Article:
Challenges, finance, Health, Living, Uncategorized

Asking for Help is a Good Thing

All my life I have struggled with my body image and weight. Growing up I was a hefty kid (not fat, but certainly big) and carried that through to my adult years. At least when I was young I played multiple sports and was active enough to feel healthy. As I went through my twenties I completely neglected my health, assuming that since I had always been big I would continue to be so and there was nothing I could do to change that.

However, when I turned 30 I stepped on the scale for the first time in a while, and it topped 200lbs. Having always come close to 200 but never actually getting there, this was a shock for me to see. I don’t know why, but I always assumed I would never get that heavy. I carry it well, having very muscular legs from soccer and volleyball (that I still continue to play) and a proportioned physique, so I thought I would be fine. The mental toll after stepping on that scale was huge. I’d never hated my body before – I was just resigned to that fact that it was what it was.

Fuck this scale to hell and back. I like the tape measure though.

Since then I have woken up to the lies I have been telling myself all these years. I actually read every book I could in the library about health, listened to podcasts while walking to work, and devoured blogs on the subject matter. Some might say I took too long actually researching it before doing anything, but to me it was important to have that knowledge in place before I made big changes, kind of like a security blanket. I re-joined the gym and completely ignored the cardio machines, instead opting for lifting things. Heavy things. This included using only my own body weight.

Now, things are looking up! I don’t really step on the scale any more, but I’ve dropped a couple of dress sizes, can see definition in my muscles, and am feeling a shit ton better. I eat better, and sleep better. Overall, I look and feel better at 31 than I ever did in my twenties. That being said, I got stuck in a rut. I’m not so creative at coming up with my own workout routines – I followed one I saw in a book that I liked or I’d do an online program, but once it ends I sort of stand around, scratching my head and not progressing.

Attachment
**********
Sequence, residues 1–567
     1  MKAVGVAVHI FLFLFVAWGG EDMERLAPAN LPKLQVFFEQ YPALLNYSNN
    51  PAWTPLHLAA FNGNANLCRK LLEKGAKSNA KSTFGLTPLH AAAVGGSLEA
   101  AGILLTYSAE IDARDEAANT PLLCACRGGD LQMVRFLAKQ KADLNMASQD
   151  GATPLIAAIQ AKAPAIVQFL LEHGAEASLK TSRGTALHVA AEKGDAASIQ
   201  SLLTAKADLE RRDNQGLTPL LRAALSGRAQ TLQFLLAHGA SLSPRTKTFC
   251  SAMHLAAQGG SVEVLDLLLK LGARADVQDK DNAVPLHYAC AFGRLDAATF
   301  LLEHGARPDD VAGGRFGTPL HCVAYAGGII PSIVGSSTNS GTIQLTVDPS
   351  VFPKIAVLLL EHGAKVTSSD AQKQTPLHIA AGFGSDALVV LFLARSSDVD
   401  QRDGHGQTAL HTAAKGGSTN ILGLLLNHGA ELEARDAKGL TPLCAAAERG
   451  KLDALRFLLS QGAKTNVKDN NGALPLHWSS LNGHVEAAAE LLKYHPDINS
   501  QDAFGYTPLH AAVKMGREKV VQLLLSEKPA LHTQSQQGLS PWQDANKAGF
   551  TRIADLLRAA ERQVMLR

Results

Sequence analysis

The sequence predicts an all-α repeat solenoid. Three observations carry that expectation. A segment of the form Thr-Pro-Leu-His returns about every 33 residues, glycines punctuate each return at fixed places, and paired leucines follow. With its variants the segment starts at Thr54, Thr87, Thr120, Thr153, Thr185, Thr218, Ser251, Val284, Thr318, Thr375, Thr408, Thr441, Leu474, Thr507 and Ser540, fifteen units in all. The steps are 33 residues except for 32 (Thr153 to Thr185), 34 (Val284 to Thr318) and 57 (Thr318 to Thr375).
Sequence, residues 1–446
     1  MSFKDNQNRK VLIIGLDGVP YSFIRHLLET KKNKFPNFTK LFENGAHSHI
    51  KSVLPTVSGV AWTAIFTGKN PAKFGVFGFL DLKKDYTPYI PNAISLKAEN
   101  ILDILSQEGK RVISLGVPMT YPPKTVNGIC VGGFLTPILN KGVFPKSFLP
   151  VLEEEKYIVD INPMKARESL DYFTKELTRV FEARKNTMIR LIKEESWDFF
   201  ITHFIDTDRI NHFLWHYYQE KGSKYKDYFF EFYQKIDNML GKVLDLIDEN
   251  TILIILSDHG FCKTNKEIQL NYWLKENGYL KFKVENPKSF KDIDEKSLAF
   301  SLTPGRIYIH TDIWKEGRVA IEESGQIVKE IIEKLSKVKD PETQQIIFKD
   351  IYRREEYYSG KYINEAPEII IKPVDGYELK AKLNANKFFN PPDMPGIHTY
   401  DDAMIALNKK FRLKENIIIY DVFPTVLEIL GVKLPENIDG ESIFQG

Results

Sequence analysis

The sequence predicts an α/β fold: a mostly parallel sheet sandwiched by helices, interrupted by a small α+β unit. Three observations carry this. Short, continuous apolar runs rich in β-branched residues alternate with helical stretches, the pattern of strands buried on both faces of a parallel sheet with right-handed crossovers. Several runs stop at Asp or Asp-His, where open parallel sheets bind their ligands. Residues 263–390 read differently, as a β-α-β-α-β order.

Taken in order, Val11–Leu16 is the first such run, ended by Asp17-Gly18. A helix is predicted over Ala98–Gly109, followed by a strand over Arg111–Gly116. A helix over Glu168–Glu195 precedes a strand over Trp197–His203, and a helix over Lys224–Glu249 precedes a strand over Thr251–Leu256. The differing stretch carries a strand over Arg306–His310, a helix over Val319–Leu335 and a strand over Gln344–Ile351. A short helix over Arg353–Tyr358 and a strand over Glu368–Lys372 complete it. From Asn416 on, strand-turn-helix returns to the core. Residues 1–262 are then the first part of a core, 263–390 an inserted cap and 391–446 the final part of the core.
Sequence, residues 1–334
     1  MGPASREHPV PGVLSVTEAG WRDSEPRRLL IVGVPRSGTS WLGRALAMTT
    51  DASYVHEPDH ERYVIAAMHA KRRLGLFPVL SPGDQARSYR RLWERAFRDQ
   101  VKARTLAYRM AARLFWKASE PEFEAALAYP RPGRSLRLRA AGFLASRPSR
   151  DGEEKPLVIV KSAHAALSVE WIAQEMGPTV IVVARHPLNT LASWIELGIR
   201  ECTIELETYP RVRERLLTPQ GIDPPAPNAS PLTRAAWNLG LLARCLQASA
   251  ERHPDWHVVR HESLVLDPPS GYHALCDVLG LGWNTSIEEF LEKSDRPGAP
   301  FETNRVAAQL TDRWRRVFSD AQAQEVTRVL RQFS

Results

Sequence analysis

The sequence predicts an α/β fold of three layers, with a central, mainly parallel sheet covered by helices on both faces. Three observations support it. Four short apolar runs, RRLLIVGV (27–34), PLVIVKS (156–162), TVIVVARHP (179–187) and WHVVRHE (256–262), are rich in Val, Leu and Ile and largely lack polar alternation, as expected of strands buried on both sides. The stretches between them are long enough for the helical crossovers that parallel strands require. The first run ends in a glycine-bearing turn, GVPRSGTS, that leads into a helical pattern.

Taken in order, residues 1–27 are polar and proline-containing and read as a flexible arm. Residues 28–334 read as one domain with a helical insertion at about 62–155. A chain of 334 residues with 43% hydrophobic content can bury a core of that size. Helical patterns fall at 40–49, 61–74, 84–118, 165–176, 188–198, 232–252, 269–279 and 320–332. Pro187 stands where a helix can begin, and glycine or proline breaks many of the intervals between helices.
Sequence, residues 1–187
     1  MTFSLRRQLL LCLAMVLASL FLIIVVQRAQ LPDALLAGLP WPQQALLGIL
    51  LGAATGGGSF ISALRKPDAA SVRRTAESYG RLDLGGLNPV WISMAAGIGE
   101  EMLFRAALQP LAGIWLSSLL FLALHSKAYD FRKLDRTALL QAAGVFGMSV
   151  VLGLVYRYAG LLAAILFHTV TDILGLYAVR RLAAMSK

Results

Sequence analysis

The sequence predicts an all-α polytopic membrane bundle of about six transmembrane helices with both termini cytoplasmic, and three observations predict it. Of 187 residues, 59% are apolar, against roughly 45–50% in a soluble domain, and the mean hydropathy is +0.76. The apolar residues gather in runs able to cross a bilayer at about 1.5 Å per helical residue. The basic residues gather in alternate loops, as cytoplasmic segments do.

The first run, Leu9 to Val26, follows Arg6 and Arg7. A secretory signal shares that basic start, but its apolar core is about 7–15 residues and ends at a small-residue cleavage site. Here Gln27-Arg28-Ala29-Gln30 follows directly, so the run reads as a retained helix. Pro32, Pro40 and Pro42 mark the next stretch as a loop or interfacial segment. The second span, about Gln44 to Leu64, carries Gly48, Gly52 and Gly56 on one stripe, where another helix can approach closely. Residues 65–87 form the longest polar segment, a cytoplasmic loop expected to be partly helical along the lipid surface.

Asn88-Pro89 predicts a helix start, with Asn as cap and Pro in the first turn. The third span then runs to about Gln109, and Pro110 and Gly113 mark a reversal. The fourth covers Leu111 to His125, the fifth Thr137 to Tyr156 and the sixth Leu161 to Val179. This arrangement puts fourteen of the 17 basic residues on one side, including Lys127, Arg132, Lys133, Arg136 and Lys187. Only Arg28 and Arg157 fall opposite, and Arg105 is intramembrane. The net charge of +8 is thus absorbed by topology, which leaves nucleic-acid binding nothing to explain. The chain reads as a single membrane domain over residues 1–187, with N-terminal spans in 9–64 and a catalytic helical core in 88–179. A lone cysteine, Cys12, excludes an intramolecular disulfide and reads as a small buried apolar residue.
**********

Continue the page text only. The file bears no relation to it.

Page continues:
After many weeks of shrugging it off and trying to find my own way, I sucked it up and hired a personal trainer for three sessions. Having done so much reading about it I had been confident I could do it mostly on my own, and told myself that this was mainly to ensure my form was good before I tried lifting even heavier. Not to put to fine a point on it, but my trainer kicked my ass – I hadn’t even been doing many of the basics correctly, and once she adjusted my form I couldn’t even do a push up (previously I’d been able to do 10 no problem, but with very poor form).

I went from improperly swinging 25lbs kettlebells to about 8lbs properly. Actually viewing this as excellent progress.

Interestingly, I never viewed this as a bad thing. I now have the tools to move forward properly, and am regarding this as actual progression. Having someone help me along the way is the best decision I could have made, because she is giving me safety, purpose, and accountability. There is no shame to be had in asking for help, and I believe this is not only for my health, but for other areas of my life as well. For so long I convinced myself that I didn’t need help for anything, and while I could muddle along on my own, why don’t I make it simpler for myself by asking for support from someone who knows what they are doing?!

I think many people are as stubborn as I am, or are maybe scared, or see asking for help as a defeat. It is not. It is a courageous act to admit when you need help or support, and taking that first little step towards it relieves a huge burden off of you. Whether it’s online or in person, there are so many people out there who want to help you and see you succeed. Learning that lesson has already reaped rewards for me, and I plan on carrying it through.


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